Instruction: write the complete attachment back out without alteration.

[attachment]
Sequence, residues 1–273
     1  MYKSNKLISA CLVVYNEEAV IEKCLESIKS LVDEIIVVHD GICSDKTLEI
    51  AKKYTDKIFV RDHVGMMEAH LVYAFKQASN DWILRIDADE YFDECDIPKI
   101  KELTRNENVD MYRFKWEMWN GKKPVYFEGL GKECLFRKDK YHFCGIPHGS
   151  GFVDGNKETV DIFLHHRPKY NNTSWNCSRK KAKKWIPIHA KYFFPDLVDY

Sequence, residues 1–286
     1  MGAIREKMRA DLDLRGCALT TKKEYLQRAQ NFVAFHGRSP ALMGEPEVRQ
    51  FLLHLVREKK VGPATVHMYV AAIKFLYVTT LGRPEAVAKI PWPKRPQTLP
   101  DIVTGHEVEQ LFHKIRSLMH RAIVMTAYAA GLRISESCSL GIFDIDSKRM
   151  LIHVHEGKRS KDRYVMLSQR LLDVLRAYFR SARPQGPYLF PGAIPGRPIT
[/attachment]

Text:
Sequence, residues 1–273
     1  MYKSNKLISA CLVVYNEEAV IEKCLESIKS LVDEIIVVHD GICSDKTLEI
    51  AKKYTDKIFV RDHVGMMEAH LVYAFKQASN DWILRIDADE YFDECDIPKI
   101  KELTRNENVD MYRFKWEMWN GKKPVYFEGL GKECLFRKDK YHFCGIPHGS
   151  GFVDGNKETV DIFLHHRPKY NNTSWNCSRK KAKKWIPIHA KYFFPDLVDY

Sequence, residues 1–286
     1  MGAIREKMRA DLDLRGCALT TKKEYLQRAQ NFVAFHGRSP ALMGEPEVRQ
    51  FLLHLVREKK VGPATVHMYV AAIKFLYVTT LGRPEAVAKI PWPKRPQTLP
   101  DIVTGHEVEQ LFHKIRSLMH RAIVMTAYAA GLRISESCSL GIFDIDSKRM
   151  LIHVHEGKRS KDRYVMLSQR LLDVLRAYFR SARPQGPYLF PGAIPGRPIT